Historic Pelham

Presenting the rich history of Pelham, NY in Westchester County: current historical research, descriptions of how to research Pelham history online and genealogy discussions of Pelham families.

Thursday, March 08, 2007

Abstract of Will of Thomas Pearsall of Spectacle Island Prepared in 1723 and Proved in 1732

On Thursday, December 21, 2006, I published to the Historic Pelham Blog an abstract of the will of Thomas Pearsall of Spectacle Island prepared in 1723 and proved in 1732. See Thurs., December 21, 2006: Thomas Pearsall, Owner in 1723 of Harts Island, Also Known as Spectacle Island, Bequeaths it To His Son, Henry Pearsall.

Today's posting provides a more detailed abstract of the same will, followed by a full citation to the source of the abstract.


Page 238. -- In the name of God, Amen. 'I, THOMAS PEARSALL, of Spectacle Island, otherwise called Harts Island, in the county of Westchester,' being in poor health. I leave to my wife, Christian Pearsall, the use and profits of all the real and personal estate 'towards her support in her decripet age and during her life.' 'I leave to my son, Nicholas Pearsall, £5, as his sole and only right, and not to claim or make any disturbance in law or equity as my heir at law' [Page 51 / Page 52] I leave to my son Henry one certain island named Spectacle or Harts Island, lying within the manor of Pelham in Westchester County. And he is to pay £300 in installments to my estate. I leave to my daughter, Eda Dobbs, £15. I leave all the rest of my estate to my children Nicholas, John, Henry, Hannah and Eda. I make Thomas Pell, Esq., Hermanus Rutsen, and my son, John Pearsall, executors.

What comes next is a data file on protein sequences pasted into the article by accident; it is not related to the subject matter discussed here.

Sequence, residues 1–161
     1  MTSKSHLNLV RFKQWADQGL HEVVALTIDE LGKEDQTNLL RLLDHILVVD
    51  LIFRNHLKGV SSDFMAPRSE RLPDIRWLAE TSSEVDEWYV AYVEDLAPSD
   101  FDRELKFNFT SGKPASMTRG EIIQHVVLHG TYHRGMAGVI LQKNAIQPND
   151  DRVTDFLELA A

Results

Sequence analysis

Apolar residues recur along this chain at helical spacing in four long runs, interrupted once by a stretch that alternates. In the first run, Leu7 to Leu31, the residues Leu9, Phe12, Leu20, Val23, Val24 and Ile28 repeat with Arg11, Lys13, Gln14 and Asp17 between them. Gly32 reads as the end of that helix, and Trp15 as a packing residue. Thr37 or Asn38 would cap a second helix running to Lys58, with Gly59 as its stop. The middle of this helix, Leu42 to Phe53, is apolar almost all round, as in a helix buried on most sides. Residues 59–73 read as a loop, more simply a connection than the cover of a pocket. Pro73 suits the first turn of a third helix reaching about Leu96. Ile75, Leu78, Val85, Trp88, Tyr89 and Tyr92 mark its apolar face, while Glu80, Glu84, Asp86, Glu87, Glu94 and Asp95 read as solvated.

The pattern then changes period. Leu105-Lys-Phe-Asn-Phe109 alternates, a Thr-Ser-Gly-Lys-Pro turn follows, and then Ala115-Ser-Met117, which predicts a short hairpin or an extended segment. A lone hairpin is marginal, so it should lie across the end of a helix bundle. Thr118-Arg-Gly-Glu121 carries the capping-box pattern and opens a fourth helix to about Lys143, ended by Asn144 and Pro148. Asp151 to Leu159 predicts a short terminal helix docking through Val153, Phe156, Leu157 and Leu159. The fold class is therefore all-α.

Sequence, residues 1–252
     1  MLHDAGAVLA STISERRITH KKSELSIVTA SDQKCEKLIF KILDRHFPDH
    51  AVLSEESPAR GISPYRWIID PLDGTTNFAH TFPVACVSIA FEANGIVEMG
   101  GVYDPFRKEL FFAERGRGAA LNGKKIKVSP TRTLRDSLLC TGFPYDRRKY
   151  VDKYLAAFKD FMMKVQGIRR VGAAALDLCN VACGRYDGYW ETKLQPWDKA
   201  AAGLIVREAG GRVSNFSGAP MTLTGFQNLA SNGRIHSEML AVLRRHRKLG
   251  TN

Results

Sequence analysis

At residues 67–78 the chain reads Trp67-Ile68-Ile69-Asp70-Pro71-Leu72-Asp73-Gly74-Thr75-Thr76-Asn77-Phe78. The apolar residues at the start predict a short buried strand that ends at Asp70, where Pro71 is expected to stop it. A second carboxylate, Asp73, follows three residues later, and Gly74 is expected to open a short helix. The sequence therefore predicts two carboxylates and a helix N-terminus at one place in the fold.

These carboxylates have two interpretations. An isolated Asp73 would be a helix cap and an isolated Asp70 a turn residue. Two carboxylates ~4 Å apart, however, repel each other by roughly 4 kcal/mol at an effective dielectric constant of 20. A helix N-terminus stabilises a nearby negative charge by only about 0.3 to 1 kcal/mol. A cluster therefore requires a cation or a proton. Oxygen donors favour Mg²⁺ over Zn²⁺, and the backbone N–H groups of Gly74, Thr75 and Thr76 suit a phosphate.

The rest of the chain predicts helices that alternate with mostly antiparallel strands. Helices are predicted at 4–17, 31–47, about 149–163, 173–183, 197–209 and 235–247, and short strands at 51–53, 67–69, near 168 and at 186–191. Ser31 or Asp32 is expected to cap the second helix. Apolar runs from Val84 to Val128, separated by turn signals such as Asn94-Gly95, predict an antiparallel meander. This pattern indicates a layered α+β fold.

Dated April 20, 1723. Witnesses, Johanes Roelofsen, Jane Francis, Edward Fitgerald. Proved, April 6, 1732. And the executors having refused, Letters of administration are granted to his son, Henry Pearsall. The widow was also dead. The daughter Eda married Walter Dobbs, the daughter Hannah married John Lanyon.

[NOTE. -- Harts Island is now owned by the city of New York, and a large part of it is the city cemetery, better known as 'Potter's Field.' -- W. S. P.]"

Source: Pelletreau, William S., Abstracts of Wills on File in the Surrogate's Office, City of New York. Vol. III. 1730 - 1744 with Appendix and Miscellaneous Documents in Collections of the New-York Historical Society for the Year 1894, pp. 51-52 (NY, NY: The New-York Historical Society 1895).

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